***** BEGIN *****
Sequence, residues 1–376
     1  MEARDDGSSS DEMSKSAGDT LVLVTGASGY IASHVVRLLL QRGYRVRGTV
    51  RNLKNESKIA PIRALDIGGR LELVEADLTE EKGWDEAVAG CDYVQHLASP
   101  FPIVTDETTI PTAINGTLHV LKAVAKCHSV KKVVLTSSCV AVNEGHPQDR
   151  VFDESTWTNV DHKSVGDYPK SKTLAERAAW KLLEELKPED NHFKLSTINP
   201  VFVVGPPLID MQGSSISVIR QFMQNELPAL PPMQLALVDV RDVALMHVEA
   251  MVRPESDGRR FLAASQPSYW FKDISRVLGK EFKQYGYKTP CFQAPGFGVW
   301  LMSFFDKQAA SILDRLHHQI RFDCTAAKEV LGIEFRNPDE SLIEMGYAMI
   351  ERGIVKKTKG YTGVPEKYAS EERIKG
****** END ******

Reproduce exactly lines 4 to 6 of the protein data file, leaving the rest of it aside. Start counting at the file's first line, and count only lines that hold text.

   101  FPIVTDETTI PTAINGTLHV LKAVAKCHSV KKVVLTSSCV AVNEGHPQDR
   151  VFDESTWTNV DHKSVGDYPK SKTLAERAAW KLLEELKPED NHFKLSTINP
   201  VFVVGPPLID MQGSSISVIR QFMQNELPAL PPMQLALVDV RDVALMHVEA